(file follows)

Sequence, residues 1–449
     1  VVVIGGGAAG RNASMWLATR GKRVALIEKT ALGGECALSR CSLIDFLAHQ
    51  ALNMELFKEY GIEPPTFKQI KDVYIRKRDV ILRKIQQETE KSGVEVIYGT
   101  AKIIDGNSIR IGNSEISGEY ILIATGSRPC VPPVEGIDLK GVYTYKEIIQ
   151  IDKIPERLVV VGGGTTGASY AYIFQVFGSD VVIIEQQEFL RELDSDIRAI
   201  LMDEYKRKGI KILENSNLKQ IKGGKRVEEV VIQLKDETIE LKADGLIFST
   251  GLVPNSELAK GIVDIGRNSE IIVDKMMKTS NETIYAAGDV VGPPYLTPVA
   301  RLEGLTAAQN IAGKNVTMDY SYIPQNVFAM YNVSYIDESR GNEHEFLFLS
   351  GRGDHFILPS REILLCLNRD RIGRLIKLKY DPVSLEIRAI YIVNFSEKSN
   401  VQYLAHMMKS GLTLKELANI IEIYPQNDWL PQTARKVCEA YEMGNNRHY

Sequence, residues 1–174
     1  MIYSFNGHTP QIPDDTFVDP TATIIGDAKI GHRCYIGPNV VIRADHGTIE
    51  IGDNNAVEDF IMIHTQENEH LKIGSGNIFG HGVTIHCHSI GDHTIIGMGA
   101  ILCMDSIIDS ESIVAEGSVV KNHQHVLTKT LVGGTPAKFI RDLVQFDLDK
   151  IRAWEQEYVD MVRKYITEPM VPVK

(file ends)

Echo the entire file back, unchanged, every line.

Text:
Sequence, residues 1–449
     1  VVVIGGGAAG RNASMWLATR GKRVALIEKT ALGGECALSR CSLIDFLAHQ
    51  ALNMELFKEY GIEPPTFKQI KDVYIRKRDV ILRKIQQETE KSGVEVIYGT
   101  AKIIDGNSIR IGNSEISGEY ILIATGSRPC VPPVEGIDLK GVYTYKEIIQ
   151  IDKIPERLVV VGGGTTGASY AYIFQVFGSD VVIIEQQEFL RELDSDIRAI
   201  LMDEYKRKGI KILENSNLKQ IKGGKRVEEV VIQLKDETIE LKADGLIFST
   251  GLVPNSELAK GIVDIGRNSE IIVDKMMKTS NETIYAAGDV VGPPYLTPVA
   301  RLEGLTAAQN IAGKNVTMDY SYIPQNVFAM YNVSYIDESR GNEHEFLFLS
   351  GRGDHFILPS REILLCLNRD RIGRLIKLKY DPVSLEIRAI YIVNFSEKSN
   401  VQYLAHMMKS GLTLKELANI IEIYPQNDWL PQTARKVCEA YEMGNNRHY

Sequence, residues 1–174
     1  MIYSFNGHTP QIPDDTFVDP TATIIGDAKI GHRCYIGPNV VIRADHGTIE
    51  IGDNNAVEDF IMIHTQENEH LKIGSGNIFG HGVTIHCHSI GDHTIIGMGA
   101  ILCMDSIIDS ESIVAEGSVV KNHQHVLTKT LVGGTPAKFI RDLVQFDLDK
   151  IRAWEQEYVD MVRKYITEPM VPVK